Three months ago, Peter Knecht lay near death on the concrete floor of his garage. With every exhalation, more warm, red blood poured from his windpipe. His throat had been slashed from ear to ear. His attackers had fled.
Last week, he was at a party celebrating life with friends and loved ones at Sycamore Park Tennis Club, sharing a story that is nothing short of miraculous.
Knecht, who divides his time between Malibu and Hollywood, had just pulled up to his Hollywood home when he was surrounded by gunmen. They put a .44-caliber automatic to his head and demanded money. He turned over his wallet and his watch, but the next command he refused. “They wanted to handcuff me and take me into the house,” Knecht recalls. “I knew it would be torture time. If I let them in, everyone would be killed.”
Shaken but steadfast, he looked his assailants in the eye and said, “That’s not going to happen. It ends here, gentlemen.”
His years as deputy district attorney and later as a defense attorney gave him the ability to separate the killers from the ordinary criminals, and the men standing before him fell into the first category — the cold-blooded kind.
Knecht was prepared to die rather than subject his wife and their housekeeper to a similar fate. He braced himself — as it flashed through his mind that never again would he see his 87-year-old mother, his wife, his two children. He would not have a chance to say goodbye. He was prepared to take a bullet, but got a blade instead. One of the attackers pushed him down and sliced through his throat. Seconds later, they took off, leaving him for dead. Clutching his neck with both hands, Knecht staggered to the house, hit 9-1-1 and collapsed. His wife administered first aid and helped keep him alive until paramedics arrived 10 minutes later.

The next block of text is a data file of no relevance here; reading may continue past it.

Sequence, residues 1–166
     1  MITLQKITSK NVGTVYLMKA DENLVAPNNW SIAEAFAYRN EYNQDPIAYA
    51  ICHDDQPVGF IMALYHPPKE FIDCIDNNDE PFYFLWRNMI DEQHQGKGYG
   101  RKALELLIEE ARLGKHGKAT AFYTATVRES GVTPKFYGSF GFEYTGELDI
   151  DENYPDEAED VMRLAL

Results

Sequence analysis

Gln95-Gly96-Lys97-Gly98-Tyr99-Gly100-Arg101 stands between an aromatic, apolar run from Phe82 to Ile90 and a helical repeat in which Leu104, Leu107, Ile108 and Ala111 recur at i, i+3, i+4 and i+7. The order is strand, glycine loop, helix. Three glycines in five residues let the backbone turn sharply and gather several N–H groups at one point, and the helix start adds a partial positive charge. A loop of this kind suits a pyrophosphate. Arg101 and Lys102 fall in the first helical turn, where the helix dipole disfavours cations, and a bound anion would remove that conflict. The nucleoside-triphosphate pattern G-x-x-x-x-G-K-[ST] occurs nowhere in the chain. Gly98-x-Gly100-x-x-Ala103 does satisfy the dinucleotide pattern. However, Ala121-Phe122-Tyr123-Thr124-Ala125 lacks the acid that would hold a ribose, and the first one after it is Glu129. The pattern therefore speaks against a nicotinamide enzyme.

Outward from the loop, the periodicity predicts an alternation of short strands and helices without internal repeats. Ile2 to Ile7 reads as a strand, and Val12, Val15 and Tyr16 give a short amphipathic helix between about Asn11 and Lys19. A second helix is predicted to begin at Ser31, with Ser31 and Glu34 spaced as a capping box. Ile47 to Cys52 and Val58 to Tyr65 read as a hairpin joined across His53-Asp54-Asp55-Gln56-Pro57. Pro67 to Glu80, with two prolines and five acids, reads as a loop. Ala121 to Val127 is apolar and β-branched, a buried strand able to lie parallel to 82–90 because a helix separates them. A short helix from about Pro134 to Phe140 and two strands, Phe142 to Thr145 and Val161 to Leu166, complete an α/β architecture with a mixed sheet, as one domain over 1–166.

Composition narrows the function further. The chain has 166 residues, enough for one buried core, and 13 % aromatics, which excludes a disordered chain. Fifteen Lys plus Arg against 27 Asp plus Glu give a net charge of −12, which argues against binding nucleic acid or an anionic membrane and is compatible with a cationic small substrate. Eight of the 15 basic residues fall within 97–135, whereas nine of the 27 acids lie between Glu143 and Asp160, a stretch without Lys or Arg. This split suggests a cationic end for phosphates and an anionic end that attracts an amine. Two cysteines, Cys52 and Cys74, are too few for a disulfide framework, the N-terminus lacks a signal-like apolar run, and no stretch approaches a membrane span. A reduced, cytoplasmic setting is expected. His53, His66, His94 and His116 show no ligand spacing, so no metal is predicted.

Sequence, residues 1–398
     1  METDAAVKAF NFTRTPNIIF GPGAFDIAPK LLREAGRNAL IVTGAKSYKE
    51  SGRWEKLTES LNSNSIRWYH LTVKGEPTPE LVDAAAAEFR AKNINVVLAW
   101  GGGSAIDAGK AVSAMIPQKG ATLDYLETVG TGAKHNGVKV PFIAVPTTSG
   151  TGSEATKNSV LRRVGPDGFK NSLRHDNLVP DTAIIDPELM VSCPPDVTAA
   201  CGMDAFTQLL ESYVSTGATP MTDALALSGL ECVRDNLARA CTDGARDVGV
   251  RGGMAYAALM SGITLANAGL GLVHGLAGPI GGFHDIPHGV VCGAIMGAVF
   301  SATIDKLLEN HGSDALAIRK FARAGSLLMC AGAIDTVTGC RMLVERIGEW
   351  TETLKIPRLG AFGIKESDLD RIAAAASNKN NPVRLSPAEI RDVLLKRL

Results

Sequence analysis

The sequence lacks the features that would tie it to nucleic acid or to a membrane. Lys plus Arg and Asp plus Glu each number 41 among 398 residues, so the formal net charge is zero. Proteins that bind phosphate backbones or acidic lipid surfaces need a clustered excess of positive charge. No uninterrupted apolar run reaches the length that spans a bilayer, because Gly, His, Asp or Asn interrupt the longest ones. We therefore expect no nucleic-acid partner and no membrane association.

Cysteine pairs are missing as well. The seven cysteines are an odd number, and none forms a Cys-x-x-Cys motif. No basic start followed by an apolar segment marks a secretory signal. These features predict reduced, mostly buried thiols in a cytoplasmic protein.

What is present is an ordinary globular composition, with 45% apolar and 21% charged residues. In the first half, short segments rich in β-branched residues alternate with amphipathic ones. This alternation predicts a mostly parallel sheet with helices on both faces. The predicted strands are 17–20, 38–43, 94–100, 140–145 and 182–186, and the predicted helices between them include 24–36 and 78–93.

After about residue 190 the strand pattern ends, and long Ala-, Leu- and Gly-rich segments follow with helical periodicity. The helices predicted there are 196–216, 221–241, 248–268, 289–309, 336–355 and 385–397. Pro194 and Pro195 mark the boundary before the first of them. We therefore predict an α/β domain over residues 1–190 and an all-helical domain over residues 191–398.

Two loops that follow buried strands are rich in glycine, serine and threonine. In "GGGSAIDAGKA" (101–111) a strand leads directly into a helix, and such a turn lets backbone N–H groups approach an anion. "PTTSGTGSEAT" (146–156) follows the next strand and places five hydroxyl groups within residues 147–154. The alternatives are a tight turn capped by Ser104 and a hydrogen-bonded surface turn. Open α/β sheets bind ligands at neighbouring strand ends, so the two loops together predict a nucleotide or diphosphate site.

After a two-hour surgery that included a tracheotomy, Knecht woke to the comforting sight of his wife and a few close friends. Although he had survived, the outcome was uncertain. Would he ever speak again? Had he suffered permanent brain damage? Nothing was certain. Incredibly, the knife missed every vital artery. Knecht made a full recovery. Three weeks later, he was back at work. Six gang members have been arrested in connection with the case. All have confessed. The wallet and jewelry were recovered. Even the scars have begun to fade.
Unlikely to fade is Knecht’s profound respect for life. “You never appreciate it enough, until you are in the position of losing it.” Knecht’s beachside celebration was a way to express that appreciation and to thank all of those who helped pull him through. Included in the group of family and friends were the hospital doctors who help stitch him up as well as the beat cops and detectives who helped crack the case. Knecht says his good fortune is something he will always remember. “We are just so lucky to be alive and well,” and that, he says, is something no one should forget.